Mini crew size

I was eager to try the Experia sock because of the claimed comfort, performance, and weight. I don’t often wear short “ankle” socks when I hike, preferring a longer crew style, but the weight and performance claims tempted me to give them a try.

Heel and Ball padding

The first thing I noticed about these socks is that the padding and thick insulation is primarily on the heel and ball/toe are of the sock. I’ve had socks with an elastic section around the arch and bridge before, but the Experia sock seemed to be primarily a thinner silk-weight sock with only two padded areas; very minimalist! Portions of the fabric are very thin and sheer. Owing, no doubt, to the manufacturing process of combining sheer fabric to the thick wool, I noticed several threads bunching near where the different fabrics blended together. I felt no discomfort at all because of the threads, but it is visually distracting.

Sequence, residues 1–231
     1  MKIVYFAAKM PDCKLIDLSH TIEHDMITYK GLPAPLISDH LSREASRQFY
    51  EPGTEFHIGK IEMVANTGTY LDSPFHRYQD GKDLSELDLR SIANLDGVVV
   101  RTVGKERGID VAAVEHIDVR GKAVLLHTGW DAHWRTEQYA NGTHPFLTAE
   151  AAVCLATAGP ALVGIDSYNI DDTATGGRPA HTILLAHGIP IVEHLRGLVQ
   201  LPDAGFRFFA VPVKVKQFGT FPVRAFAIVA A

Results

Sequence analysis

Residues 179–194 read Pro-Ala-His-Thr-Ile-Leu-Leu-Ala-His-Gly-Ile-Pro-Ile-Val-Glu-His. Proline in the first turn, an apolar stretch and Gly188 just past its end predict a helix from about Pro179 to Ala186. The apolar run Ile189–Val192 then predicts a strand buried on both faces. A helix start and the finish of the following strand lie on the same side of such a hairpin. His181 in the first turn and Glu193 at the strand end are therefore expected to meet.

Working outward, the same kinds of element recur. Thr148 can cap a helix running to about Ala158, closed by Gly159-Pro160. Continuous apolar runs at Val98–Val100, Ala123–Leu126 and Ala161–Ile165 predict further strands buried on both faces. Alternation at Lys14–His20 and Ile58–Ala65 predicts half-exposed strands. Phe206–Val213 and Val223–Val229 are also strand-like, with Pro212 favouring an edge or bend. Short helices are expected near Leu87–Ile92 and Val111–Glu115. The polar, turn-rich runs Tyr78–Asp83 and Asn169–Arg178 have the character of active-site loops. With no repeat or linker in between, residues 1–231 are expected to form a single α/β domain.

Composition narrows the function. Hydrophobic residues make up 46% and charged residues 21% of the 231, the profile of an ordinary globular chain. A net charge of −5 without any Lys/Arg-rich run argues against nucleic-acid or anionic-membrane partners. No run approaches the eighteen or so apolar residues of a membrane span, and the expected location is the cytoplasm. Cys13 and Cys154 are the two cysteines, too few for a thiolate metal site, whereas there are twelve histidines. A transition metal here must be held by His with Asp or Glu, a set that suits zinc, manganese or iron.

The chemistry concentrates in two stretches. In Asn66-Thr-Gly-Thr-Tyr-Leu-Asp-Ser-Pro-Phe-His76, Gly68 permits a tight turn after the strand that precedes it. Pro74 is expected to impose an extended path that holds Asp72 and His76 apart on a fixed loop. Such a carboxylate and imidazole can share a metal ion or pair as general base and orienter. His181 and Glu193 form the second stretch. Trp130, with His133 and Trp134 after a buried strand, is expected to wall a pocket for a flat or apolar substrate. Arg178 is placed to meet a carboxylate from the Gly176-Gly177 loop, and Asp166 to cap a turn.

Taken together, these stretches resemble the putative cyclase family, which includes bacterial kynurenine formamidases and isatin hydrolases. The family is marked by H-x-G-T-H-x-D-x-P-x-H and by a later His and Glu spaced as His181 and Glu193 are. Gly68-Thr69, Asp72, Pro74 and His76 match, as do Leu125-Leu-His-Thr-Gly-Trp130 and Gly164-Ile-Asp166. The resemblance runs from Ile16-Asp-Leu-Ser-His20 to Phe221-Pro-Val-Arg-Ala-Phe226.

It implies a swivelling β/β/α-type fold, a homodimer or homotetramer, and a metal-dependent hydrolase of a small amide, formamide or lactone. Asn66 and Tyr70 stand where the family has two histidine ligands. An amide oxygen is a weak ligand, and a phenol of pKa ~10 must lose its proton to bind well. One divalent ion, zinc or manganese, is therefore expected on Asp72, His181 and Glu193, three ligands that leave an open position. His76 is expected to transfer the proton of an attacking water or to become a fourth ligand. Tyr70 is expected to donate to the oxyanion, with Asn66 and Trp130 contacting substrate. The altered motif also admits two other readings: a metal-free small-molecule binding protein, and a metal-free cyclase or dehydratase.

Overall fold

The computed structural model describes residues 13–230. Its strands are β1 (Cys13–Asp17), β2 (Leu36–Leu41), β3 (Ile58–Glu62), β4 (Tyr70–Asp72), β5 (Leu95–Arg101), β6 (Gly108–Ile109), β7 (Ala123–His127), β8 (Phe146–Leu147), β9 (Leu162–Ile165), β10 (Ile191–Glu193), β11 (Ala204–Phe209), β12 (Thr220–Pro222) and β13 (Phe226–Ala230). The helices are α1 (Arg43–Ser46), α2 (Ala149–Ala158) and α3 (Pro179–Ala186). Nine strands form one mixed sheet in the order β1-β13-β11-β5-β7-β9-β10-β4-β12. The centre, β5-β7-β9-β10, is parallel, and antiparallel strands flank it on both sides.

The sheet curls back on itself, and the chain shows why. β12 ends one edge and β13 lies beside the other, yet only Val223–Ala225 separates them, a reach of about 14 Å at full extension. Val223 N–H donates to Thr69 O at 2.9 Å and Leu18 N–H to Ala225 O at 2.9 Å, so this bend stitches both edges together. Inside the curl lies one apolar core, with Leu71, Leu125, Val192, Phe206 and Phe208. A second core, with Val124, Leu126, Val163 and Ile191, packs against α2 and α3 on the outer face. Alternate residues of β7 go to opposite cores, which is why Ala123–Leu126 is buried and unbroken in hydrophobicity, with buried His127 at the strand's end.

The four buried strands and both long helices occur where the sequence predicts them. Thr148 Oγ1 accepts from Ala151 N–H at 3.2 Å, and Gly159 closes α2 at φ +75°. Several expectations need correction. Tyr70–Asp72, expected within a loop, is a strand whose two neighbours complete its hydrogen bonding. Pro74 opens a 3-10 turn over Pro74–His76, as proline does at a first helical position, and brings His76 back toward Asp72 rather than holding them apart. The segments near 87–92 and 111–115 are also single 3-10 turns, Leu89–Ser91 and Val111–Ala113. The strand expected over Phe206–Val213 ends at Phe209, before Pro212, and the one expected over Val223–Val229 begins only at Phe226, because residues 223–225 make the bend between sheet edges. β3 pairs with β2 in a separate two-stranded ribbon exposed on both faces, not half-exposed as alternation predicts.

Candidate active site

My natural worry—especially with the winter season coming—was wondering how warm these socks will be while hiking. Not one to shy away from a challenge, I decided to give these socks an initial test.

November 14 ~ Mount Elden, Coconino National Forest. The first snow of the season sprinkled a nice white powder on the mountains, and provided me with an irresistible temptation. I put together my pack, laced up my shoes, and decided to give the Experia socks a grueling test. My route took me a little over 4 miles (3 km) with 4000 ft (1220 m) of elevation change hiking and running up and down Mount Elden, a silicic lava dome mountain rising 2395 ft (730 m) to an elevation of 9297 ft (2834 m) above sea level. The mean temperature was around 42 F (6 C). This is one of the rockiest, steepest trails near my home; a real ankle crusher.

Climbing Mount Elden

I left my car for the trailhead wearing a few layers of warm running gear, but after about 30 minutes, I was down to shorts and my windbreaker as I built up steam. I was wearing brand-new trail runners, so I was really taking a risk for battered heels, toes, and blisters. The shoes were also highly vented, with the sidewalls made almost entirely of mesh. The combination, however, did not make my feet cold at all. In fact, my feet were quite comfortable. I felt no cold spots, except around my upper ankle, which was not used to being sock-less.

Resting on Mount Elden